In Europe, the drums of war had started, while here in the United States, the Senate was amidst a debate over a far-reaching law that would limit the economic power of robber baron industrialists. Events in Cincinnati, Ohio on Sept. 1, 1914 were not foremost in the human conscience.
It was on that day that Martha, a passenger pigeon, died in that city's zoo.
She was the last of her species. Amazingly, Ectopistses migratorius had once been the most common bird in the country, numbering in the billions.
John James Audubon, the man who opened America's collective mind to avian diversity, described a flock of passenger pigeons he encountered during a trip to Louisville in 1813. He heard "the continued buzz of wings," saw a sky "literally filled with pigeons; the light of noon-day was obscured as by an eclipse." Later, having traveled some 55 miles, the same flock was still overhead. It continued to fly "for three days in succession."
His account of the ubiquitous bird was not the only one to evoke its enormous numbers.
Clive Ponting's book, The Green History of the World, evoked the enormity of the flocks thus:
One of the first settlers in Virginia wrote that, `There are wild pigeons in winter beyond number or imagination, myself have seen three or four hours together flocks in the air, so thick that even have they shadowed the sky from us.' Similar reports can be found from the Dutch on Manhattan Island in 1625, from Salem in Massachusetts in 1631 and some of the first explorers in Louisiana in 1698.
As late as 1854 in Wayne County, New York, a local resident wrote that. `There would be days and days when the air was alive with them, hardly a break occurring in the flocks for half a day at a time. Flocks stretched as far as a person could see, one tier above another.' On 8 April 1873 at Saginaw in Michigan there was a continuous stream of passenger pigeons overhead between 7.30 in the morning and 4 o'clock in the afternoon. Other reports describe flocks a mile wide flying overhead for four or five hours at a time during their migration in the early spring from the south to their breeding areas in New England, New York, Ohio and the southern Great Lakes area.
Perhaps it was that very abundance that prompted the slaughter. By the millions and millions humans killed the passenger pigeon.
The December 8, 1975 edition of Sports Illustrated included this anecdote:
At Woodstock, Ontario, about 1870, Dr. A.B. Welford found himself well placed under the path of a huge flock of passenger pigeons. He started shooting early in the morning, using a double-barreled muzzle-loader. By 10 a.m. he had run out of ammunition after killing more than 400 birds. The pigeons continued to stream low over a fence behind which the doctor was hiding, so he grabbed a long rail, held it aloft and found he could easily bring down more birds. The doctor was proud of his exploit, and since the supply of game seemed inexhaustible—the flight lasted for several days—he allowed his experiences to appear in The Ibis, a magazine for bird lovers.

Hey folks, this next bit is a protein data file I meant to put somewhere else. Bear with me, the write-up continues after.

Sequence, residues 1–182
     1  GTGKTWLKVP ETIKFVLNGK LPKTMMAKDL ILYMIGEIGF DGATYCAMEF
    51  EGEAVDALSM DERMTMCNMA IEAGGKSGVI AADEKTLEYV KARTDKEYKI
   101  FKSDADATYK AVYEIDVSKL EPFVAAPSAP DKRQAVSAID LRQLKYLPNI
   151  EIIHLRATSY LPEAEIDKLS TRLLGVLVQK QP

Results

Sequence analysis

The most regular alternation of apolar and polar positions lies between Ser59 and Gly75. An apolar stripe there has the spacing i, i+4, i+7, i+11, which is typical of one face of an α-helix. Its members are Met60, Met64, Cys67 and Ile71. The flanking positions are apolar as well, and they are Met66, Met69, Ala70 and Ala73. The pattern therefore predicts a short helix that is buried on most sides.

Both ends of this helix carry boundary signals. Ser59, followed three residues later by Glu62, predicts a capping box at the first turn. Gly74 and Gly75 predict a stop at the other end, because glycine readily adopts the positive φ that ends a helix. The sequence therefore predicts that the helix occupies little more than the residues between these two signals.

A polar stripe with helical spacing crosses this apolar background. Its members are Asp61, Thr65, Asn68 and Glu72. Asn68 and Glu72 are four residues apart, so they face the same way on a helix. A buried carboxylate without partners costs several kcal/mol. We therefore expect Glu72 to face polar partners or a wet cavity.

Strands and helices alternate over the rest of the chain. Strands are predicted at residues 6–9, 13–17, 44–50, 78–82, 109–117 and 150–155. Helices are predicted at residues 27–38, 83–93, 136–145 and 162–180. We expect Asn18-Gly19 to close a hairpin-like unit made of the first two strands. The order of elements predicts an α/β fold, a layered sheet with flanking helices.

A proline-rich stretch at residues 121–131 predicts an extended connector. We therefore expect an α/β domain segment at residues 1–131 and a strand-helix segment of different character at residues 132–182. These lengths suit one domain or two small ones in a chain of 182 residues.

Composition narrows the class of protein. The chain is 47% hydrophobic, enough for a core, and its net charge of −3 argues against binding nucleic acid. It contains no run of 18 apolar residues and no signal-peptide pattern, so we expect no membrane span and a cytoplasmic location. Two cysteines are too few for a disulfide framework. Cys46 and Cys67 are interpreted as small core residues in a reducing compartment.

It wasn't just individuals out for a day of sport, either. The profit motive had much to do with the decimation of the passenger pigeon. Commercial hunting companies hunted them in huge, even incomprehensible, numbers.
As Ponting wrote:
The scale of the operation can be judged by figures that seem almost incredible but which were carefully recorded as part of a perfectly legal and highly profitable commerce. On just one day in 1860 (23 July) 235,200 birds were sent east from Grand Rapids in Michigan. During 1874 Oceana County in Michigan sent over 1,000,000 birds to the markets in the east and two years later was sending 400,000 a week at the height of the season and a total of 1,600,000 in the year. In 1869, Van Buren County, also in Michigan, sent 7,500,000 birds to the east. Even in 1880, when numbers had already been severely reduced, 527,000 birds were shipped east from Michigan.
Of course, hunting wasn't the only bane of the species. Passenger pigeons ate the nuts of trees, including the chestnut, that were routinely cut down in nineteenth century America. Females bore only one egg at a time, which made it impossible for the species to keep up with the carnage inflicted on it humanity.
The last individual in the wild was observed in 1900.
The demise of the species was a wake-up call to a nation and to the world. It shouldn't have been. There had been warnings, even efforts to legislate the conservation of the passenger pigeon. They failed.
"We did our best to exterminate both old and young,and we succeeded," wrote Edward Howe Forbush, an ornithologist and author, in 1917. "The explanation is so simple that all talk of 'mystery' seems sadly out of place here."
On this anniversary of the day in which we killed off a species once so common it darkened the skies, let us consider whether we have learned anything.